Another nice win as Michigan pulls away in the second half to take down Ron English and the EMU Eagles.  Tip of the hat to English whose squad put together a gutty first half and played hard throughout.   It’s easy to forget about the giant holes in our defensive line when guys are sprinting for touchdowns right and left (or north and south I guess), but it remains a concern. 


QB Depth:  As Tate Forcier lay flat on the ground with his face in the turf, visions of sugar plums and roses (which remain on the far right of the possible season outcome continuum) got a bit blurred.  Denard’s two poor passes over the middle show he’s not ready to be the quarterback of this team and that’s not a shock.  Big things could happen with Forcier at the helm but if he goes down and Robinson is inserted, we become a better team than 2008 but not much more.

Speed:  There are many reasons to be giddy about this season, but we’re seeing that promise of speed with three demonstrations that are on par with any burst we’ve seen in years, maybe since Steve Breaston in the 2005 Rose Bowl.  Consider (I’m going to collect these like when fans put up K’s at baseball games):

  • Robinson’s fumble-turned-touchdown run against Western.
  • Stoneum’s kick-off return against Notre Dame, when he was 100% gone well before he reach midfield.
  • And now add Carlos Brown’s 90 yard jaunt yesterday.

Punt option:  This prompted a rare in-game post, but I’d love to see Rodriguez consider dropping in the punt roll-out option with Mesko once again especially on those fourth and short situations.  I hated that thing at first but with Zoltan back there handling it I’m completely comfortable after watching how it was employed last season.   And speaking of special teams, if you wondering how the Wolverines didn’t get a piece of this punt, this will only help a little bit (from the M photostore):


The Delany Film Festival:  Boy, I completely agree with Rodriguez on his disappointment with the Big Ten’s decision to step in suspend Mouton.  And it’s a personal slight against Rodriguez, suggesting he’s not imposing proper discipline on his players.  That punch was nothing.  At best, this deserved a discussion after the game with Mouton and maybe some M stadium steps—but that should be left to Michigan to decide.  That said…

…someone needs to tell Rodriguez to suspend the Delany Film Festival.  He was embarrassed by the commissioner and that was wrong, but to start a public campaign to challenge the Big Ten by poring over game films to find players behaving badly?  I didn’t hear the quote first hand, I assume Rodriguez wasn’t joking about this.  The right thing to do would be to have a conversation with Delany to understand why the Big Ten did what they did, share his disappointment and then quietly move on.  He did speak with Delany but that’s not exactly how it went.  If Rich Rod is behind this, one of his trusted inner circle guys needs to tap the Emperor on the shoulder and tell him to direct that energy elsewhere.  Where is that going?  Michigan finds tape of player X kicking player Y, suggests the Big Ten suspends player X, Conference takes no action, Michigan cries hypocrisy, rinse, repeat?  Drop it.

Square Dancing?  Colde English?  Nice to see former Michigan coach Ron English and Rodriguez share a nice embrace at midfield and exchange pleasantries after their hard-fought battle (via and the great Lon Horwedel):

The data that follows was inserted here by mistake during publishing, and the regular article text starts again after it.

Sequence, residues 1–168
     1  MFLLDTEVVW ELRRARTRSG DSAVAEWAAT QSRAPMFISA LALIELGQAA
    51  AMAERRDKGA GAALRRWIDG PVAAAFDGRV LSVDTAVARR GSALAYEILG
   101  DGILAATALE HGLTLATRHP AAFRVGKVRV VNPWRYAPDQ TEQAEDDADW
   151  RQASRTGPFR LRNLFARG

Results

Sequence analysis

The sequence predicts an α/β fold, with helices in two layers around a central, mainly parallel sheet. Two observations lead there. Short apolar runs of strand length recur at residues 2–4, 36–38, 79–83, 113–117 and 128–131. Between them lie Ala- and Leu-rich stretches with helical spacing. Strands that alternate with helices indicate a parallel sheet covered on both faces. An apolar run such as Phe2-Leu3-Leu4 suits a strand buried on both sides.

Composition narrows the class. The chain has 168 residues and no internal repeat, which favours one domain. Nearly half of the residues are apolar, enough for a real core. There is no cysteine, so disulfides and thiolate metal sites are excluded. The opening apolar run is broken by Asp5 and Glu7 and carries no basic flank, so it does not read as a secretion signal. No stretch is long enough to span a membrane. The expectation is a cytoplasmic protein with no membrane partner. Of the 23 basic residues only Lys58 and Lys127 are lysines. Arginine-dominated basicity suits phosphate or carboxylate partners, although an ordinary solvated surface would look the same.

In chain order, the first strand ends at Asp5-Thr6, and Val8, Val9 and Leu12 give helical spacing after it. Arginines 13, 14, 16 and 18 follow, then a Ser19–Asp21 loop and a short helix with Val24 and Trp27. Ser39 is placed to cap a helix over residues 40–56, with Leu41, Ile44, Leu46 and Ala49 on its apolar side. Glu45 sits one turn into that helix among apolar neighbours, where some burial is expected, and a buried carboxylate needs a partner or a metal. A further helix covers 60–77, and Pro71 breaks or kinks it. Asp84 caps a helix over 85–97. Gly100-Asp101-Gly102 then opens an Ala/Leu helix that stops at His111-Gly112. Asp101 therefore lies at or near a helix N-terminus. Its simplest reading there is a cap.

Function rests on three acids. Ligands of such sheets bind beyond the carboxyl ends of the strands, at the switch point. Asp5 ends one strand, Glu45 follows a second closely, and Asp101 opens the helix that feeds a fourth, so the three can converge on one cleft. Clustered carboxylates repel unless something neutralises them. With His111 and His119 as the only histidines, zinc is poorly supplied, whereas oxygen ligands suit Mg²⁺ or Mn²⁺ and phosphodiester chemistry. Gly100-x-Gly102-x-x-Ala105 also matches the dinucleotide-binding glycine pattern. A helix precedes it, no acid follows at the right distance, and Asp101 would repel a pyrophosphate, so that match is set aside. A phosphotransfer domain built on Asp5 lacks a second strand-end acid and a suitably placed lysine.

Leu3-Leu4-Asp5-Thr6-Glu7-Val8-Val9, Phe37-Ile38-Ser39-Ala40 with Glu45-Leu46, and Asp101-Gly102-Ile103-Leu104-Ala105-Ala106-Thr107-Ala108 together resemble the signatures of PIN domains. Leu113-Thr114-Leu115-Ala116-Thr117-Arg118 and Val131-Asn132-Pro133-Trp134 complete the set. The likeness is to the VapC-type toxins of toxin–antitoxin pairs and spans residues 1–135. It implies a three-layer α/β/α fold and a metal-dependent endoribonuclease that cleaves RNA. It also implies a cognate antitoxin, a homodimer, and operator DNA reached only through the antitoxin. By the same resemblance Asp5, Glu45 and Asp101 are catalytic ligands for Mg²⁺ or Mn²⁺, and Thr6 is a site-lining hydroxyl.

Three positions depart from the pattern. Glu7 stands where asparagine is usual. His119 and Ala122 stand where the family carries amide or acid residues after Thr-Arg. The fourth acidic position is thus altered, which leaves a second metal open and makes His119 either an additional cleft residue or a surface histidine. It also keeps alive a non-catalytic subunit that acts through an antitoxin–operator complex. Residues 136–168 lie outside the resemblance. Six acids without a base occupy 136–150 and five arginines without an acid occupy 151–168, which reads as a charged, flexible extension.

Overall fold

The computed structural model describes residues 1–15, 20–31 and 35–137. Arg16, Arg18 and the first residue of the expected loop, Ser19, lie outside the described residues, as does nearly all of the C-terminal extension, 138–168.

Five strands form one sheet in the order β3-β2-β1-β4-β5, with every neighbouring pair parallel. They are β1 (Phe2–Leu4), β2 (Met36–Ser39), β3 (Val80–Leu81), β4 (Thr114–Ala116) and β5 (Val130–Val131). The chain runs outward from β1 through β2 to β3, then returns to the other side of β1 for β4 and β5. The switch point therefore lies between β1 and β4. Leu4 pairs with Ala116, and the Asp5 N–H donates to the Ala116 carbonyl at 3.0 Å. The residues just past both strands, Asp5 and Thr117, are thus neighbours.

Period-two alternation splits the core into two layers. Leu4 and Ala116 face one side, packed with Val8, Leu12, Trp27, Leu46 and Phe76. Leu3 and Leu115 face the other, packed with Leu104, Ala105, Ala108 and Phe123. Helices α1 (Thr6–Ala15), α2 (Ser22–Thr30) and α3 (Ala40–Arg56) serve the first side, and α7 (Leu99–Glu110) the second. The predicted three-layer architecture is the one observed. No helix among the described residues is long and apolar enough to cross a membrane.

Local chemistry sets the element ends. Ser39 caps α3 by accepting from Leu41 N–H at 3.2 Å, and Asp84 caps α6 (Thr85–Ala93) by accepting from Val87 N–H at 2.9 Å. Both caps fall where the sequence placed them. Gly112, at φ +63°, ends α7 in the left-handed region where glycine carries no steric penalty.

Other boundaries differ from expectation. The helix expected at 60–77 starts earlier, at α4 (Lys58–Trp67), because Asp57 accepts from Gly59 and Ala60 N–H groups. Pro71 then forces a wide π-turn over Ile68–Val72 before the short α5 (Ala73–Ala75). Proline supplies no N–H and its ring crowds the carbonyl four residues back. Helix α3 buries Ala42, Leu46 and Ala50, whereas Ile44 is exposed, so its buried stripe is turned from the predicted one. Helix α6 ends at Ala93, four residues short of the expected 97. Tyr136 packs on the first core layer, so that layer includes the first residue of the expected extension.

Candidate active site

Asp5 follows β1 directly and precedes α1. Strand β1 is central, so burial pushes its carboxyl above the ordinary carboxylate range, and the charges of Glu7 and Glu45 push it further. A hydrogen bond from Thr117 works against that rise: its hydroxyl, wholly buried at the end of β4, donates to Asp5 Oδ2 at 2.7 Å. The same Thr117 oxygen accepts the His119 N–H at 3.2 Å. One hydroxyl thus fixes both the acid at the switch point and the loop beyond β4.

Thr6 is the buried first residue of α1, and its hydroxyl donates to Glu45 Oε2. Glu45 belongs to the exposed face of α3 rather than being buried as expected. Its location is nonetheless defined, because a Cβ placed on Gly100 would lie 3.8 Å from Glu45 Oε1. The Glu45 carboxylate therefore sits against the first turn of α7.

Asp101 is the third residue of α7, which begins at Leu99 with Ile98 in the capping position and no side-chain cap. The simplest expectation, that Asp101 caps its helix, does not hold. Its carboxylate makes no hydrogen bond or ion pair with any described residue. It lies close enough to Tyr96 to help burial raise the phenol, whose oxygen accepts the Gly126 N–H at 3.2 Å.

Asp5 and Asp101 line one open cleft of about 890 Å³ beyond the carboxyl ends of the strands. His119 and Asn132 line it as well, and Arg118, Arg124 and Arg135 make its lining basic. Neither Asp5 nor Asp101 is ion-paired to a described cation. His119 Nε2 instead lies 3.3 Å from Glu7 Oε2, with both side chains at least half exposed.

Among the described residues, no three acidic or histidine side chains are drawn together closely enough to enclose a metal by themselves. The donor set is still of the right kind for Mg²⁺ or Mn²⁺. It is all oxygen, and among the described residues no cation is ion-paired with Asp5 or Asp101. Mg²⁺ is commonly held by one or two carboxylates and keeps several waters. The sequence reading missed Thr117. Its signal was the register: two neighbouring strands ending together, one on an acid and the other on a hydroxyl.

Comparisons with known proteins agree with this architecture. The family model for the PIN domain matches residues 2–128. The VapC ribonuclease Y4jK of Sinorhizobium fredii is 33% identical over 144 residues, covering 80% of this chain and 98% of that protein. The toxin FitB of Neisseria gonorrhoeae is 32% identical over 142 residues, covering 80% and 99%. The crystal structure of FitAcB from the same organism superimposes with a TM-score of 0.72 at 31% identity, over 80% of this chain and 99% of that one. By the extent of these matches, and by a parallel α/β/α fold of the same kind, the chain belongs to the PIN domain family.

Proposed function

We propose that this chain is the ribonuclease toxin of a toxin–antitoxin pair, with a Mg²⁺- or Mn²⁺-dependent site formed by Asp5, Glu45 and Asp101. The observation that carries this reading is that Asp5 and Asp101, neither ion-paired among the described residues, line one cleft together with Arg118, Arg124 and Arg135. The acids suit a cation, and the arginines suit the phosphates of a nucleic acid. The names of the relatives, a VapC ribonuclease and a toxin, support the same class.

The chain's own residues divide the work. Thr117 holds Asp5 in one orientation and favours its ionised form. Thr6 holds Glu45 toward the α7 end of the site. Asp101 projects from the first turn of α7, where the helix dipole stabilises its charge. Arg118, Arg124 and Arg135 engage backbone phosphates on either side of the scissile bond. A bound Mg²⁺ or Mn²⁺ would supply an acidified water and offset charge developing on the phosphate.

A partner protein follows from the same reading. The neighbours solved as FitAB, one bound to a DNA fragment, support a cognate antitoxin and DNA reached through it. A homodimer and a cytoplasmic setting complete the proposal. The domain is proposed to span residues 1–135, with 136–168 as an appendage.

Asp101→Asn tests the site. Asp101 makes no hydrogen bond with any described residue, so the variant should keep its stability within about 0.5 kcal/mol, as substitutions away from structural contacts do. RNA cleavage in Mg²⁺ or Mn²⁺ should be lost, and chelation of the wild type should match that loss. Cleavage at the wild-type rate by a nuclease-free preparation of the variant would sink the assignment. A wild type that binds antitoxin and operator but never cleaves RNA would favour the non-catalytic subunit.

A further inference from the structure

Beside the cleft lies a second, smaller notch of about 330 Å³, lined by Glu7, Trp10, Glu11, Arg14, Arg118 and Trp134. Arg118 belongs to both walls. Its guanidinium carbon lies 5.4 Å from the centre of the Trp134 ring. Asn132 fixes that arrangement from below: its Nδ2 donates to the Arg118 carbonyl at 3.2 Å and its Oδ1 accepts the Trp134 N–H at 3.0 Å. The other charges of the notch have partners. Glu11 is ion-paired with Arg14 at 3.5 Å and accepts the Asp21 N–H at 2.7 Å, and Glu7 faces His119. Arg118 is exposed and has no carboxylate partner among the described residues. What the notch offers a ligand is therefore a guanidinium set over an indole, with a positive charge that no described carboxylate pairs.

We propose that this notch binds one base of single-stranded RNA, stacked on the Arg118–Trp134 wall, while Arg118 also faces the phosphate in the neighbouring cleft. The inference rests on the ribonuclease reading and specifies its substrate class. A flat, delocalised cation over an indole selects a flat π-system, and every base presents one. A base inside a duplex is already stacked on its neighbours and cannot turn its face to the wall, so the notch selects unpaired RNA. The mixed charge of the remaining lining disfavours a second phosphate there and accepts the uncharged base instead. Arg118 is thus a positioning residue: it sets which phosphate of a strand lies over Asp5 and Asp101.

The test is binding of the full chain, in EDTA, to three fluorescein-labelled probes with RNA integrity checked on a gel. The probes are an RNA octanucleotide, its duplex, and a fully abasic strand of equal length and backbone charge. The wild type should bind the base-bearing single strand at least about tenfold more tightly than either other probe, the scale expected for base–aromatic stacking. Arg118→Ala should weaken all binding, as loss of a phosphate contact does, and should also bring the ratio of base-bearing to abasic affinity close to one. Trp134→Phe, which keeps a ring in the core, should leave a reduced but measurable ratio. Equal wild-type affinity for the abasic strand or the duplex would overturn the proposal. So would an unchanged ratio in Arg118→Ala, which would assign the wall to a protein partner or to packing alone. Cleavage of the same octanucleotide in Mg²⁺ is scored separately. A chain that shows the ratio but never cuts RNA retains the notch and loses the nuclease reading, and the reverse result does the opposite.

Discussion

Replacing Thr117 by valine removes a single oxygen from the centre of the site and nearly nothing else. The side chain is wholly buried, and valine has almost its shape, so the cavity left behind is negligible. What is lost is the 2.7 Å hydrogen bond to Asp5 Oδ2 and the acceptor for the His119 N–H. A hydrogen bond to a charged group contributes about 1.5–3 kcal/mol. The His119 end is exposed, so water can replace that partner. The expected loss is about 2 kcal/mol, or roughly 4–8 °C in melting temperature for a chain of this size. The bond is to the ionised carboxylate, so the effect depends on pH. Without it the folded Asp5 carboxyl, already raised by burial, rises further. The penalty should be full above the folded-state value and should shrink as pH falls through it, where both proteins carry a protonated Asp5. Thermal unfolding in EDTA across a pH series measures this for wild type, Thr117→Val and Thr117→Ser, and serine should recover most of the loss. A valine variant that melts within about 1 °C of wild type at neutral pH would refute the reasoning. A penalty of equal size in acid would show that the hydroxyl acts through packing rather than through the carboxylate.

Yikes.  OK, so read what you want but select one of the below:

      a) English is still pissed about not getting a good look from Rodriguez for the defensive coordinator position last year, especially after RR went with an outsider.

      b) There really is a Coach Carr camp that doesn’t like Rodriguez

      c) English was pissed that Denard Robinson tossed a bomb later in the fourth quarter up four touchdowns

     d) English was pissed that guys like Graham and Warren were still in the game with 5 minutes to go

     e) All of the above.


  • Michigan State/Notre Dame:  I’m still trying to gauge what kind of teams Notre Dame and MSU have right now, but what a game in South Bend.  Cousins’ interception was awful and awfully inexplicable considering the game he managed all day (other than when Dantonio put Nichol in, which I don’t understand).  I was impressed with State and I love Blair White.  I see the October 3 game as a toss up right now, maybe slight edge to the Spartans.  All in all, not a bad outcome for Michigan fans: one rival loses, and the other loses their best player.
  • Bad Booth:  One thing I can’t get over is the not-TD catch by Floyd where he broke his collarbone.  I’m not sure what the bigger crime is to the replay officials:  not asking for a replay in the first place (umm, on a frickin’ play in the endzone, is that one we should look at….?) or, after Weis challenged, not seeing that Floyd easily made the catch and had one, probably two feet in bounds.  AT BEST – the replay guys punted saying the didn’t have conclusive evidence that he had enough control, but that’s really a thin argument given what NBC showed.  Why do I care?  That’s incompetence man.  Delany should suspend those guys for the season.  Or punch them.  Or make them run steps with Mouton.
  • Carroll.  Dude, fool me four times, but come on with the love affair of Pete Carroll and his uber-laid back teams, and towel-snapping Friday walkthroughs, and the rock ‘n roll lifestyle blah, blah blah.   He’s now lost to below average UCLA, Stanford, Oregon State and Washington teams in the past few years yet all we do is paint Carroll like a god, often wearing a thong.  Bill Plaschke in the LA Times took a few shots and added this observation, lol: